BBB Warns of Door-to-Door Workers

February 18, 2011

RICHMOND, Va. – Spring brings warm temperatures, blooming flowers and itinerant workers and sales people who move through neighborhoods offering a variety of services. The Better Business Bureau (BBB) suggests that consumers first carefully conduct research on the contractor’s company before hiring him or her.

Tom Gallagher, the president and CEO of the BBB in Central Virginia, points out that not all itinerate workers are dishonest. “Many of these folks are hard-working individuals who are trying to make an honest living,” he said. “However, there are some shady characters in the bunch that we all should be on the lookout for.”

A woman in Colonial Beach, Va., recently reported that a man offered to paint her barn for only $500. He said he was able to give her a good price because he had leftover paint in his truck. The woman wisely contacted the BBB to learn more about the contractor. The BBB’s vast database of companies revealed that this particular painter carried “F” ratings in Peoria, Ill., and in Macon, Ga.

Gallagher said the contractor’s last name was Costello. “I’m betting that he is one of the first of the Irish Travelers to work through Central Virginia this year. We expect lots more between now and the end of spring,” he added.

Under a new rating procedure established in 2009, businesses receive a letter grade, A-plus through F, similar to the grades given to students. The ratings formula takes into account 16 weighted factors, using objective information and actual incidences of a business’ behavior. The letter-grade rating represents the BBB’s degree of confidence that the business is operating in a trustworthy manner.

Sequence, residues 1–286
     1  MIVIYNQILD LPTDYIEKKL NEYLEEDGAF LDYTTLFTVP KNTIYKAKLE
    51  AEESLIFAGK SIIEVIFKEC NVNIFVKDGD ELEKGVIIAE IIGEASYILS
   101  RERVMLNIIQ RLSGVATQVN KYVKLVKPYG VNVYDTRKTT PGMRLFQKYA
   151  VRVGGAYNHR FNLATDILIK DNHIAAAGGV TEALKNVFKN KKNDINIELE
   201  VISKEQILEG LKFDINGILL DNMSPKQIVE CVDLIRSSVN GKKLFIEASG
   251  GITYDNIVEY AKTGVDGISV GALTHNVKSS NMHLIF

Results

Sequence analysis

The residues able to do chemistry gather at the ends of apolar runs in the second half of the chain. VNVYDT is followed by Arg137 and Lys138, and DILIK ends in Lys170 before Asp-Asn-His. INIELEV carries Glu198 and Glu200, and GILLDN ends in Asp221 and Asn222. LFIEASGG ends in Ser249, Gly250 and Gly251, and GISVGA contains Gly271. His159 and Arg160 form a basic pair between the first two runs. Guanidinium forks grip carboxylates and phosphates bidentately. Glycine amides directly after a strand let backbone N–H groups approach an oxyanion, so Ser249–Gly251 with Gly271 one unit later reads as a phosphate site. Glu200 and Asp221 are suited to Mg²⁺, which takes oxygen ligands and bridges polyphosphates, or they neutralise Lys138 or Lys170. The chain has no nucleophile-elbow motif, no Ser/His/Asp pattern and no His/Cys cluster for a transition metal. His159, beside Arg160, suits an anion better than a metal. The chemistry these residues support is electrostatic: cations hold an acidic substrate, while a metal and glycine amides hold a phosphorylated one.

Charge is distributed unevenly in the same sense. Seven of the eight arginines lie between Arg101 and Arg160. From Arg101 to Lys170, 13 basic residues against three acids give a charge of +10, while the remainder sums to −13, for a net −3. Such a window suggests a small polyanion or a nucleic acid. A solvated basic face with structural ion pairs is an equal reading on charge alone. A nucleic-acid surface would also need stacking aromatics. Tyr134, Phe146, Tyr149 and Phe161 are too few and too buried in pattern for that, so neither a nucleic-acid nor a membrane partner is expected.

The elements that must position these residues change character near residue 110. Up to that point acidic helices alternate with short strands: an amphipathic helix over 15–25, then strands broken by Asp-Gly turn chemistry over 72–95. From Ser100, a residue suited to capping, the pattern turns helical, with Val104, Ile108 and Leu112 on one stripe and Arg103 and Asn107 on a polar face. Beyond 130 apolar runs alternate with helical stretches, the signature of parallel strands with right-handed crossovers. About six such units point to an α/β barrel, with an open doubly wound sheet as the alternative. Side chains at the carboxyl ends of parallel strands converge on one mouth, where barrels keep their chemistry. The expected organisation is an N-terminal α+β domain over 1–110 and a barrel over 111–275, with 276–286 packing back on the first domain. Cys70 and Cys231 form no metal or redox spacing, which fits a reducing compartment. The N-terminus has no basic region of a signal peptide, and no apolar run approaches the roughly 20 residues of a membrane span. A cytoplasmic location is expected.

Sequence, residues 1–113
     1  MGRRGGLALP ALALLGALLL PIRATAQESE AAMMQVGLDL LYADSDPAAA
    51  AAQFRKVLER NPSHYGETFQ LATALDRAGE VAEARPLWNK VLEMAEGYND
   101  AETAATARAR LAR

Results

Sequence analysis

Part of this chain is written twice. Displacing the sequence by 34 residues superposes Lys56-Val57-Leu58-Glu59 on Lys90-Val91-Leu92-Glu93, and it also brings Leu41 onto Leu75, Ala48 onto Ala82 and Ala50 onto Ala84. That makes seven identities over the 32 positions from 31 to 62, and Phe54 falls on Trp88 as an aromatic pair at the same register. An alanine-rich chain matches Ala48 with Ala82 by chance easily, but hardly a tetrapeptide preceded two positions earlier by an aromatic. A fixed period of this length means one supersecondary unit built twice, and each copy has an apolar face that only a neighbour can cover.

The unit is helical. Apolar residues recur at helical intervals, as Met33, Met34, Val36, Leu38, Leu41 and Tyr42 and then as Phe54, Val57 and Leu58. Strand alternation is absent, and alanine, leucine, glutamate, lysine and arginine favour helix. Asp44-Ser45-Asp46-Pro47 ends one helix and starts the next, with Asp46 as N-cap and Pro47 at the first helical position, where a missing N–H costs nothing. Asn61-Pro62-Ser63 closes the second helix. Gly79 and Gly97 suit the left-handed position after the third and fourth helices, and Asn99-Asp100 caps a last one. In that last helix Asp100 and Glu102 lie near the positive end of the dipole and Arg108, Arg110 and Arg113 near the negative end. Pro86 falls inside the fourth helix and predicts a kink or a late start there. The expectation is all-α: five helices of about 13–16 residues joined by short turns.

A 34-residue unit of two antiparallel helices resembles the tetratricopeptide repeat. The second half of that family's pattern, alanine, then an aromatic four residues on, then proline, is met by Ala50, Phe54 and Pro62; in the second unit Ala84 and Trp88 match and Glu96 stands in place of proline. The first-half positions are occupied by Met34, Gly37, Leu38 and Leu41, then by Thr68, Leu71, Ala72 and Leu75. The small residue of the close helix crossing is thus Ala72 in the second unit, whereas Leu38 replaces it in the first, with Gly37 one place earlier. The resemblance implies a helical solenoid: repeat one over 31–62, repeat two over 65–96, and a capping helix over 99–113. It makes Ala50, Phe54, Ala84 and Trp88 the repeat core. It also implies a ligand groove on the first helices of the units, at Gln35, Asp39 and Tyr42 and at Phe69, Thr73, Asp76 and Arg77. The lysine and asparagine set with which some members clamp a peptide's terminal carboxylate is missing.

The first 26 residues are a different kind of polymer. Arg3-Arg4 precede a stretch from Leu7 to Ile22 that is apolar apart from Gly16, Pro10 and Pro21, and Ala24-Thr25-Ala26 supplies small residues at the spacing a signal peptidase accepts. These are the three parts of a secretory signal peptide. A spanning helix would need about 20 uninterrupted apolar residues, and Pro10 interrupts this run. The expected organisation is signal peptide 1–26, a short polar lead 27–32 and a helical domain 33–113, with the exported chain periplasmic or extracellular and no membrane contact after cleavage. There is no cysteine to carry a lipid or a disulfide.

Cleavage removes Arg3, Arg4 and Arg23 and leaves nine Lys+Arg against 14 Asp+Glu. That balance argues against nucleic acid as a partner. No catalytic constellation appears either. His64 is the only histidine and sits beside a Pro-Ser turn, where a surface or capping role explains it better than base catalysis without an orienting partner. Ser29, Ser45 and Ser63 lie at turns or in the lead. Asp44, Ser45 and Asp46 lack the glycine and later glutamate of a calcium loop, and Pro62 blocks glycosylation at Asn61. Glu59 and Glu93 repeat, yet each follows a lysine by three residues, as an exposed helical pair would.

Consumers can check the reliability ratings of businesses at or by calling 804-648-0030.

Gallagher recommends being cautious of a door-to-door salespeople or itinerant workers if they:

  • Use high-pressure sales tactics. A reputable seller will give you time to think through the deal and make an appointment to return at a later date.
  • Offer a deal that sounds too good to be true. The adage holds true that you get what you pay for and many people have been quickly disappointed when the products didn’t live up to the hype or the company did a shoddy job.
  • Can’t or won’t provide you with personal identification or contact information for the company they represent. Any legitimate salesperson will be able to provide you with positive identification for both themselves and their company.
  • Fail to follow federal law. Federal law requires that if you purchase more than $25 in goods, the salesperson must inform you of your rights to cancel within three business days.

BBB recommends that you can further protect yourself by paying with a check or credit card—rather than cash—in order to take advantage of the consumer protections provided.

The BBB in Central Virginia serves Richmond and Tri-Cities, as well as 42 surrounding counties, from Fauquier to Mecklenburg and Northumberland to Amherst. The nonprofit organization was established in 1954 to advance responsible, honest and ethical business practices and to promote customer confidence through self-regulation of business. Core services of the BBB include business reliability reports, dispute resolution, truth-in advertising, consumer and business education and charity review.